IS-linked Philippine militant behind suicide attacks killed
MANILA, Philippines (AP) — Philippine troops have killed a “high-value” but little-known Filipino militant who acted as a key link of the Islamic State group to local jihadists and helped set up a series of deadly suicide attacks in the south that have alarmed the region, military officials said Saturday.
Talha Jumsah, who used the nom de guerre Abu Talha, was killed Friday morning in a clash with troops in the jungles off Patikul town in Sulu province, which has been rocked by three deadly suicide bombings this year, including the first suicide attack known to have been staged by a Filipino militant.
“One by one, we will hunt you down,” Maj. Gen. Corleto Vinluan Jr., the commander of military forces in Sulu, said in a warning to the militants. “I am reiterating my appeal to them to surrender and live a normal life instead of being hunted down as fleeing criminals.”
Jumsah’s body was found by troops Saturday nearly a kilometer (about half a mile) from where troops clashed with his group near the mountain village of Tanum in Patikul, provincial military spokesman Lt. Col. Gerald Monfort said.
U.S. and Australian anti-terrorism units have been helping monitor Jumsah, who had laid low but played a key role in plotting attacks, training militants and arranging the entry of Middle Eastern and Southeast Asian militants to the southern Philippines, military officials said.
Military units had specifically targeted Jumsah along with Abu Sayyaf commander Hajan Sawadjaan for their roles in recent and planned suicide attacks.
A member of the brutal Abu Sayyaf militant group in Sulu, Jumsah was one of a handful of Arabic speaking local militants who developed strong contacts with the Islamic State group, helping the Middle East-based militant network to establish a presence in the southern Philippines after major battle defeats in Syria and Iraq.
Jumsah served as a bomb-making instructor and arranged the transfer of foreign funds and movement of foreign militants for the suicide attacks. He also acted as an Arabic translator for militant ceremonies joined in by foreign militants shortly before they set out to die in suicide bombings, a military combat officer told The Associated Press on condition of anonymity because of a lack of authority to speak publicly.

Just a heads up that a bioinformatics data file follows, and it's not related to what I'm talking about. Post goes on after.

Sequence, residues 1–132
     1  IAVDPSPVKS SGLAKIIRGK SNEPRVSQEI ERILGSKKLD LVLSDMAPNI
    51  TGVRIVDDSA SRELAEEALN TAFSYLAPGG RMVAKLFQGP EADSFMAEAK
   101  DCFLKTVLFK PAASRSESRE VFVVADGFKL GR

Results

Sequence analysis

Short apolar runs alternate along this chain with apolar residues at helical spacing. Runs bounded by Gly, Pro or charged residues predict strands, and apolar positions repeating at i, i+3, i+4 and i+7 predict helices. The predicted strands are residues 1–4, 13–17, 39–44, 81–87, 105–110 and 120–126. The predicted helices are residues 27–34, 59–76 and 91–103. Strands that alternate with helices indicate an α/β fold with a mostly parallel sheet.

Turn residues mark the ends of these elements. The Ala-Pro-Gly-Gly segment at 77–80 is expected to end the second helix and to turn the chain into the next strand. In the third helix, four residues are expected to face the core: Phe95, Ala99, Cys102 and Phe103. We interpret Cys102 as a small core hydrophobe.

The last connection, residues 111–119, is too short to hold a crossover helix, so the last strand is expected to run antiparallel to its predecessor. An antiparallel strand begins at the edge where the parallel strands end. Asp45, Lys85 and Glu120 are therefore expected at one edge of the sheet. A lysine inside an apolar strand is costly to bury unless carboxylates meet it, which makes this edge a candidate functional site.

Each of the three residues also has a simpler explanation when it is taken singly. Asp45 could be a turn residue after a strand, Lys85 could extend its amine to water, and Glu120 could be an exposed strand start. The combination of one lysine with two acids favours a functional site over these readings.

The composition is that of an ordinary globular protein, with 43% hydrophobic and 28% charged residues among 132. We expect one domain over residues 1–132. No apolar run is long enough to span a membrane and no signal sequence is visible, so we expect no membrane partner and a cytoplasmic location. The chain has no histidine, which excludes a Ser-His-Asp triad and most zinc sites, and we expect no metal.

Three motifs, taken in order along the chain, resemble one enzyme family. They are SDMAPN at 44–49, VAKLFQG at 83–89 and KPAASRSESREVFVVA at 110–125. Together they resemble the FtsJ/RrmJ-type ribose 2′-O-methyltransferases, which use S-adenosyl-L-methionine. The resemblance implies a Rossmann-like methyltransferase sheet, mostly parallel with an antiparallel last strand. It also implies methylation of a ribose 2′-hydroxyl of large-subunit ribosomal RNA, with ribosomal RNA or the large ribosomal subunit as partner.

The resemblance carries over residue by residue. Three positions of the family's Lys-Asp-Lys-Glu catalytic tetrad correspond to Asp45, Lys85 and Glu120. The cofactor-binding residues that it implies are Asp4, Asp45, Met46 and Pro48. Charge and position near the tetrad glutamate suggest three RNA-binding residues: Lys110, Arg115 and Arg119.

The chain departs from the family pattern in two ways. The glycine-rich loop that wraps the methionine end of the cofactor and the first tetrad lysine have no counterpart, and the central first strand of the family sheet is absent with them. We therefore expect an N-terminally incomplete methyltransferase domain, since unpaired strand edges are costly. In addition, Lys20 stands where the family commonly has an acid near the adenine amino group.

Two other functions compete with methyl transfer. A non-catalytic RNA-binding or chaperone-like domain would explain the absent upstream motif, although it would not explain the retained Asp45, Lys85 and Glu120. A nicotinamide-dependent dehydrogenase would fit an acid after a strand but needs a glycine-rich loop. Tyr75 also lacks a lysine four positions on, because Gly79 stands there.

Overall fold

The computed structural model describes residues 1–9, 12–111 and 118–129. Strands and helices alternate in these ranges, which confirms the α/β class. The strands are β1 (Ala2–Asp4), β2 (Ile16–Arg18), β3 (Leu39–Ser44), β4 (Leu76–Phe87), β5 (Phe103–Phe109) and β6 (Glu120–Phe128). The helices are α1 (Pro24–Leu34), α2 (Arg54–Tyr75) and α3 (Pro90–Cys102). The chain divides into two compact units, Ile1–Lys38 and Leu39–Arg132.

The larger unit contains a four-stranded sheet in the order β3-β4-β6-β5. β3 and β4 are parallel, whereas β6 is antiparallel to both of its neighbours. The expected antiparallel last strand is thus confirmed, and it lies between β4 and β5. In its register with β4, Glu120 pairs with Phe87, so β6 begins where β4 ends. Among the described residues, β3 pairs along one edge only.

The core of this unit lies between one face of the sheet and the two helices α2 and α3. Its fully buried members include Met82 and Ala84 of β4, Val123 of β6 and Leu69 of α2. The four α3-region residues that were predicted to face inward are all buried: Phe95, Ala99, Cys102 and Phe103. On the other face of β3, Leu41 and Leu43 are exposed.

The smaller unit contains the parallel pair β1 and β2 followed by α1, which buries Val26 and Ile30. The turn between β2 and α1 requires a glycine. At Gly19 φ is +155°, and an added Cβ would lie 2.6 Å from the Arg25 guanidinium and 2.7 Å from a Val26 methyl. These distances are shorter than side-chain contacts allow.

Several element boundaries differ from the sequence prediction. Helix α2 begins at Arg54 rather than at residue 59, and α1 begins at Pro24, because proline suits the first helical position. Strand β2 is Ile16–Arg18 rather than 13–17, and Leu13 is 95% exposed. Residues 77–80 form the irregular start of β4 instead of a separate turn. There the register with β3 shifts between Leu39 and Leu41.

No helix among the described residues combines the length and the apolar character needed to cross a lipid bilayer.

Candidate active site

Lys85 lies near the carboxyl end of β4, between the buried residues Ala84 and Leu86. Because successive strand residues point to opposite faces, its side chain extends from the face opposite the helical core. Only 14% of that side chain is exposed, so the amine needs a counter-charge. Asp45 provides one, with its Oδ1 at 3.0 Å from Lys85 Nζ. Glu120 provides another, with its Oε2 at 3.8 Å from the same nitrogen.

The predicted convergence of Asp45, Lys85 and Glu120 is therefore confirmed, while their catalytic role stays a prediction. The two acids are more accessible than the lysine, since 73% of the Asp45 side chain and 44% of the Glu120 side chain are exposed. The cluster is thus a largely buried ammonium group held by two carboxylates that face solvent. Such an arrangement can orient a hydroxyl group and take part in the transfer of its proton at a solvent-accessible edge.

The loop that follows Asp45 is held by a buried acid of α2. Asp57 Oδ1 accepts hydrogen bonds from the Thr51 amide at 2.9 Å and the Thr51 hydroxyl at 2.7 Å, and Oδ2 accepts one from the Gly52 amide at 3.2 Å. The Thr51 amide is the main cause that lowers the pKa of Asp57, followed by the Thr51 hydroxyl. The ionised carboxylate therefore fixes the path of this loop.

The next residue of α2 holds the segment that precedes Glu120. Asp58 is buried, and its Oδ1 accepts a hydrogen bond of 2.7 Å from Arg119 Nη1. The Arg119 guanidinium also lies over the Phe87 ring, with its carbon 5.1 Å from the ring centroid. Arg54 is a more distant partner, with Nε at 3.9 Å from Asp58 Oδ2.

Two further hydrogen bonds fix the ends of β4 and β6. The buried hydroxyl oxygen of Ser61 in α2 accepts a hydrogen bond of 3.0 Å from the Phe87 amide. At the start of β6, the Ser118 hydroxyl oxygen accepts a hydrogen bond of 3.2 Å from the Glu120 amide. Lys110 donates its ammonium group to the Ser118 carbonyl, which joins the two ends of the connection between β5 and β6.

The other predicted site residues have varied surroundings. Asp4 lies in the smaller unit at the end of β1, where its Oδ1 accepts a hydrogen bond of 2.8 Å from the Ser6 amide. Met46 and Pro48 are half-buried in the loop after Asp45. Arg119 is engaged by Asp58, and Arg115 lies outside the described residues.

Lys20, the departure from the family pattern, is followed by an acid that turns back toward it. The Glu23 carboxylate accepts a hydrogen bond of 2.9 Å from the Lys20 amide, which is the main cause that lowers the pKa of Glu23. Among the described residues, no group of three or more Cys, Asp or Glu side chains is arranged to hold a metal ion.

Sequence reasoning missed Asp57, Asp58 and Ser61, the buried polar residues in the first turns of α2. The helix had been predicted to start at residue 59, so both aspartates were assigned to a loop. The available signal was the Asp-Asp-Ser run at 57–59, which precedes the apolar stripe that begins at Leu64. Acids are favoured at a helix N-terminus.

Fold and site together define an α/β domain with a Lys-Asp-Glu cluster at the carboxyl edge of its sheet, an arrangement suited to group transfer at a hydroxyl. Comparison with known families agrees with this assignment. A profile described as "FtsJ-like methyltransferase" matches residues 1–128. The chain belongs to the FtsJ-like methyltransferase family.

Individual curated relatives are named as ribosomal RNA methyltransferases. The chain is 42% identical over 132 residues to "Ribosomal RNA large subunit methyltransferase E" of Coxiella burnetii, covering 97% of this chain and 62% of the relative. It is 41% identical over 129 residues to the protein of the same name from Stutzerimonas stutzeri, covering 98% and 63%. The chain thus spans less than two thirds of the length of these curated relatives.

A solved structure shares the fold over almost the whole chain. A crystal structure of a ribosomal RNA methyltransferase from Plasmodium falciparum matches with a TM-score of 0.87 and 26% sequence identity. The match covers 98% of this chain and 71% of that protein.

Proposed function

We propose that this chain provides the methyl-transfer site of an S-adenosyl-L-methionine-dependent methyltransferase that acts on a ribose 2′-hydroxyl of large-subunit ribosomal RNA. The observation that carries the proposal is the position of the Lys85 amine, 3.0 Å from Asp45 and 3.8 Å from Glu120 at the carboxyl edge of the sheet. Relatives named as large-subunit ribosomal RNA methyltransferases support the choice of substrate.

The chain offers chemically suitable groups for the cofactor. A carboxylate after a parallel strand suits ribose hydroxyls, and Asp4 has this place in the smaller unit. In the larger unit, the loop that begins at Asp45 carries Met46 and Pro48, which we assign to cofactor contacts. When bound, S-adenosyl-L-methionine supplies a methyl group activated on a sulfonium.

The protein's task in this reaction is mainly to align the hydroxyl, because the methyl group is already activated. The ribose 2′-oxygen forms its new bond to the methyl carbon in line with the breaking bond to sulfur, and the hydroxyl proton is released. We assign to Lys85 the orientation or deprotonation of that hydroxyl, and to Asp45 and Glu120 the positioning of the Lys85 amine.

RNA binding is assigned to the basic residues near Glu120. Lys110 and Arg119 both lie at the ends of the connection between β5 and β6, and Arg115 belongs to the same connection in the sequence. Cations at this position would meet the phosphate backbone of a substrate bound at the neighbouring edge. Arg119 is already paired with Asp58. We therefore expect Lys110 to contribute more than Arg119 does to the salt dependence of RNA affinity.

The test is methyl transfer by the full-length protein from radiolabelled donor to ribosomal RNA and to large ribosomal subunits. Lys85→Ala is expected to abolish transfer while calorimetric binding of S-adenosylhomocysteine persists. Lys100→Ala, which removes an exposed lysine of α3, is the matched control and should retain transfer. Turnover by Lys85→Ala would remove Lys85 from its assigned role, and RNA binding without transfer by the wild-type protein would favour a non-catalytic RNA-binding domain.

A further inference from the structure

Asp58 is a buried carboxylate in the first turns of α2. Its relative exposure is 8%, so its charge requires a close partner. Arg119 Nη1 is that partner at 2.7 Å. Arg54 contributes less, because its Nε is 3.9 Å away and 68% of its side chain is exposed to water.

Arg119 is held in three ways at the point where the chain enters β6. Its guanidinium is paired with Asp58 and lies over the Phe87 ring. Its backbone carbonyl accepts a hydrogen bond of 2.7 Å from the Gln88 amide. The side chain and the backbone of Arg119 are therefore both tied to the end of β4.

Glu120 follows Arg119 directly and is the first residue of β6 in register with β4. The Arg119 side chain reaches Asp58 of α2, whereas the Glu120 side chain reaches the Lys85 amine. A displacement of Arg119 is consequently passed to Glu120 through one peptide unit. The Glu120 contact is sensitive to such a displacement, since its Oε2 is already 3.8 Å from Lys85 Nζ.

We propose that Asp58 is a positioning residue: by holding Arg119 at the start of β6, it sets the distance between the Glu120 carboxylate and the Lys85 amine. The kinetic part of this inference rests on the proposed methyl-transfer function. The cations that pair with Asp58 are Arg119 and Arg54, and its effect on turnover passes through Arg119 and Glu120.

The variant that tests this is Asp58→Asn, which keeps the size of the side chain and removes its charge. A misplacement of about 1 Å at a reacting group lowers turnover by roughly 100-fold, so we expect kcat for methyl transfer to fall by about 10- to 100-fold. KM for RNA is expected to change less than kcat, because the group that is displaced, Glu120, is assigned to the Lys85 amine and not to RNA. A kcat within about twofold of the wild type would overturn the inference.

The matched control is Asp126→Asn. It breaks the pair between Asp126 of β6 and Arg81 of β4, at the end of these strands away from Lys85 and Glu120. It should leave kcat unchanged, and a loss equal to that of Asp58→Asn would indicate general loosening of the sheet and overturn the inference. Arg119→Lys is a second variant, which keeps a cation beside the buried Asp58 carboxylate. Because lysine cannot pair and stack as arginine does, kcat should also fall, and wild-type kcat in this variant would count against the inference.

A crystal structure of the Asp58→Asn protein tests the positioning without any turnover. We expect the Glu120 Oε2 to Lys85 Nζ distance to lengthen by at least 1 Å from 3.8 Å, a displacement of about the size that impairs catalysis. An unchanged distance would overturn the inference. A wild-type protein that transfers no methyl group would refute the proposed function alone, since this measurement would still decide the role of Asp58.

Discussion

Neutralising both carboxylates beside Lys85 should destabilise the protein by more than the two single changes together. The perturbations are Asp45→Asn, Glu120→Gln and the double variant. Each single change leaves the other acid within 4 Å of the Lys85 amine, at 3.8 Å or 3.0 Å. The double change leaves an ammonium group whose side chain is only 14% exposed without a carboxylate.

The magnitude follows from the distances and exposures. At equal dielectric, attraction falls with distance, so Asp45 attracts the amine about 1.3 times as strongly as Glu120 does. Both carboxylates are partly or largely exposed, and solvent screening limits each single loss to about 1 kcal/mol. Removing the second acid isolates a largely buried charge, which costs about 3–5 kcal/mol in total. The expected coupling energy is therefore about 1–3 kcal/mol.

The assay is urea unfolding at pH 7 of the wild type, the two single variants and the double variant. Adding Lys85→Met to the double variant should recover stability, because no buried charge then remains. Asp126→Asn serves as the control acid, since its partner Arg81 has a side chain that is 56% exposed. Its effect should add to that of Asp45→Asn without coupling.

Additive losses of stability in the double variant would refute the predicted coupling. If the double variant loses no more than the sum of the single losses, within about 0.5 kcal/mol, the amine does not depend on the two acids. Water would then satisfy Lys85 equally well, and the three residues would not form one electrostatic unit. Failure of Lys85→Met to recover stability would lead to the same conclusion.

Jumsah and Sawadjaan, who remains at large, have been blamed for plotting the Jan. 27 suicide bombing by a suspected Indonesian militant couple at Our Lady of Mount Carmel Cathedral in Sulu’s main island of Jolo that killed 23 people, including the bombers, and wounded scores of other churchgoers and soldiers.
The Jolo cathedral attack renewed terrorism fears across the Philippines and Southeast Asia. President Rodrigo Duterte ordered troops to destroy the Abu Sayyaf following the bombing, leading to a renewed military offensive in the south.
In July, two suicide attackers separately detonated explosives on a military combat base in Indanan, killing the two militants. Authorities later confirmed through DNA tests of the remains of the attackers that at least one was a Filipino, the first known local militant to carry out a suicide attack.
A suspected Egyptian female militant perished in the third suicide attack in Sulu that she staged in September outside an army encampment in Sulu’s Indanan town. Regional military chief Lt. Gen. Cirilito Sobejana said then that the bomber failed to enter the encampment and the blast failed to cause injuries because alert troops took cover when she refused to back away.
Early this month, troops killed three militants in a gunbattle in Indanan town, including an Egyptian father and his son, who allegedly were on their way to carry out a suicide attack but opened fire on soldiers manning a checkpoint. Troops recovered two suicide vests rigged with metal pipe bombs from the two Egyptians and a Filipino militant who were traveling on motorcycles, Sobejana said.